There are many different approaches to the treatment of emotional distress and life difficulties. They can generally be classified as counseling, psychotherapy or psychoanalysis. Counseling can be effective in addressing every-day life issues such as relationship problems, job related stresses or difficulties arising from life changes and transitions. Counseling may include the use of advice, problem solving strategies and new ways of viewing and understanding the problem.
Psychotherapy is an approach that often probes more deeply into the history and causes of the problem. In psychotherapy, specific symptoms such as depression, anxiety or obsessive behaviors are addressed. For some individuals I have worked with, counseling or psychotherapy, or most often a combination of both, is adequate to deal with the emotional distress that is the focus of the therapy. When counseling and psychotherapy are not adequate forms of treatment, psychoanalysis often proves to be helpful.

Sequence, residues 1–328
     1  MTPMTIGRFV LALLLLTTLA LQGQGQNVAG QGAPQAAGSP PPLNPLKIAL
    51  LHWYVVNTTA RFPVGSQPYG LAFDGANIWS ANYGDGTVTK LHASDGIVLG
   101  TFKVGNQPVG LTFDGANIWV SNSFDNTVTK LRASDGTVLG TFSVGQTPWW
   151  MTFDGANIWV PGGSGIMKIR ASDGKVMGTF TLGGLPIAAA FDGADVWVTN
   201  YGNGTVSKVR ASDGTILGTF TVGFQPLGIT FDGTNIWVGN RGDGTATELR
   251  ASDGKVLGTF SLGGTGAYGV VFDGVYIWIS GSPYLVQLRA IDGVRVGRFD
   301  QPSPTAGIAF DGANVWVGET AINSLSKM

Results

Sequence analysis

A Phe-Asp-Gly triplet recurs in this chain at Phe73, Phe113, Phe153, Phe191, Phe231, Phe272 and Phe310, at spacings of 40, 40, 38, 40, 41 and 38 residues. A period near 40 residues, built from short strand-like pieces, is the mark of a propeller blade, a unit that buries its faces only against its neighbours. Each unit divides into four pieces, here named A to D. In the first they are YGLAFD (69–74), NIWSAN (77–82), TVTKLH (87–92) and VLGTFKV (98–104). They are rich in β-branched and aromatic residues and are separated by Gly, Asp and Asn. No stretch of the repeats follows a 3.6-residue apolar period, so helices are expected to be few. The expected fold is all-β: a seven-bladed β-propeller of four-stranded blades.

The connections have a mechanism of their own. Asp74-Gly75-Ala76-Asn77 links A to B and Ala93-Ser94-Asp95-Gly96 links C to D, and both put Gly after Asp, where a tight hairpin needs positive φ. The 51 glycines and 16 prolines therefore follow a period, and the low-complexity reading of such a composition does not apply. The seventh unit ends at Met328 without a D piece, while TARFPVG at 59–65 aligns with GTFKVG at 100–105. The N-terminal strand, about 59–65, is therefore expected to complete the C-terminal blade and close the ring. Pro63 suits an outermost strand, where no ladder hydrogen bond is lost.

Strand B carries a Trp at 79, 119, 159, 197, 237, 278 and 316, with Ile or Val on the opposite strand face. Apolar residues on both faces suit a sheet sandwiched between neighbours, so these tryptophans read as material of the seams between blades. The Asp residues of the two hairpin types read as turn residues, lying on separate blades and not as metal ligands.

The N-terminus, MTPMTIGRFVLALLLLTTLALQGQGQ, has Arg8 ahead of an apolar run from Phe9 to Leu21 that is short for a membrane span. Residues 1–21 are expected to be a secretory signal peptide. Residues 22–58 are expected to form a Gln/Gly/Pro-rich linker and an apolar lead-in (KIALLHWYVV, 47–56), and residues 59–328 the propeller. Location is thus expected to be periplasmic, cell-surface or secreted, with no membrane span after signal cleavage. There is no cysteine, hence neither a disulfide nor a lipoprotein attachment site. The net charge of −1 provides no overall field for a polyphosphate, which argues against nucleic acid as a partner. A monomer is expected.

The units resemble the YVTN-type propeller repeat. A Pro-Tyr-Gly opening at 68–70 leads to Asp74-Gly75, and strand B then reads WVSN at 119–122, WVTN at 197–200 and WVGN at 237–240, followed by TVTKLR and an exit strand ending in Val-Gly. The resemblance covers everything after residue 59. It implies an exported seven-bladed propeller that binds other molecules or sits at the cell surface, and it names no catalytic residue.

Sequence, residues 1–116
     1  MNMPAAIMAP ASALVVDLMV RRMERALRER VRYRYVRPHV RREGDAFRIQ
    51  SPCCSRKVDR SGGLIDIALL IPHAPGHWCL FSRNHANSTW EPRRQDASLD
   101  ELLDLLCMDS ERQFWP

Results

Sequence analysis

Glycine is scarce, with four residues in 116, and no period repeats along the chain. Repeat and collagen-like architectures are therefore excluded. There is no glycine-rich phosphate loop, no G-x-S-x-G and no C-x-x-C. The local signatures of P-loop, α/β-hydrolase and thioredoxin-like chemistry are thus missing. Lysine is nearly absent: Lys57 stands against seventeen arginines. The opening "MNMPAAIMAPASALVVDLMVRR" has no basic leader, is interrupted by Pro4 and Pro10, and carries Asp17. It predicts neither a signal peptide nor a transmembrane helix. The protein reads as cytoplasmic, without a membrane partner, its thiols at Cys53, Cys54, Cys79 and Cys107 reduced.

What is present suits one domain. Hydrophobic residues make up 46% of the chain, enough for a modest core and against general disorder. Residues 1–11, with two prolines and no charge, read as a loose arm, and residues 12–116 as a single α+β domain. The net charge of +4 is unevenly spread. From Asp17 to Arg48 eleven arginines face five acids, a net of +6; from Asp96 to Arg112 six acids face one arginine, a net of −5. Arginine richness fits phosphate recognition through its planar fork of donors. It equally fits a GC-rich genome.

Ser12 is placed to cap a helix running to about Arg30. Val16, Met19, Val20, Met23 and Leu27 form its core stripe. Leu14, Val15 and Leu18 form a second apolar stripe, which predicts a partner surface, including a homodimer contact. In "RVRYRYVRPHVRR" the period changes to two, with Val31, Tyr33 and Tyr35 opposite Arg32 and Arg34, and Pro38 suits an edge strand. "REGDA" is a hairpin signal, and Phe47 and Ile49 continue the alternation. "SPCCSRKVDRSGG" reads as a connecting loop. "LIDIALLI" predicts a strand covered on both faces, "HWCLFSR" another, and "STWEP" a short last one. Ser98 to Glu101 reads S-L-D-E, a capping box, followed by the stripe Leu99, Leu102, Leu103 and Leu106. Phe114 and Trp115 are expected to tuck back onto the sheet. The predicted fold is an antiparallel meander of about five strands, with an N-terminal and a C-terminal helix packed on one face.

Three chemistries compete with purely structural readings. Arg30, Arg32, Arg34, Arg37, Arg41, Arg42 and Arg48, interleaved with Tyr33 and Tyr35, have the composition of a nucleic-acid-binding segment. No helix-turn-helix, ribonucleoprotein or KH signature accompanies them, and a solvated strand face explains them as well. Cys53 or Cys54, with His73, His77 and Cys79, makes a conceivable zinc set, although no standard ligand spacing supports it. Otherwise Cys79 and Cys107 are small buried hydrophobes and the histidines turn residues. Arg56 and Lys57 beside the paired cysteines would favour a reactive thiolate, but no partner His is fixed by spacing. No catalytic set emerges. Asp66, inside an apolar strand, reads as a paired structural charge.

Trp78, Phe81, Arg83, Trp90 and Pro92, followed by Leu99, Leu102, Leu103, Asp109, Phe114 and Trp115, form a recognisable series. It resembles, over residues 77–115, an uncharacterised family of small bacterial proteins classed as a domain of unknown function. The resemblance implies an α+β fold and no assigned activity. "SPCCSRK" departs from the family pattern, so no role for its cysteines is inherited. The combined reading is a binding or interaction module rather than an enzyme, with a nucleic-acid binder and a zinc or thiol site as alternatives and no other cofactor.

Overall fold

Psychoanalysis or analysis (terms often used interchangeably,) is a longer-term process that gives an individual more opportunity to deepen their healing process. The end result is that individuals get to know themselves more fully and often develop a deeper acceptance of themselves. While this may run counter to the quick-fix mindset of today’s fast paced world, individuals who commit to an analytic process find a sense of satisfaction in the time spent uncovering heretofore unknown aspects of their personalities. Psychoanalysis and analysis have evolved respectively out of the work of Sigmund Freud and C.G. Jung.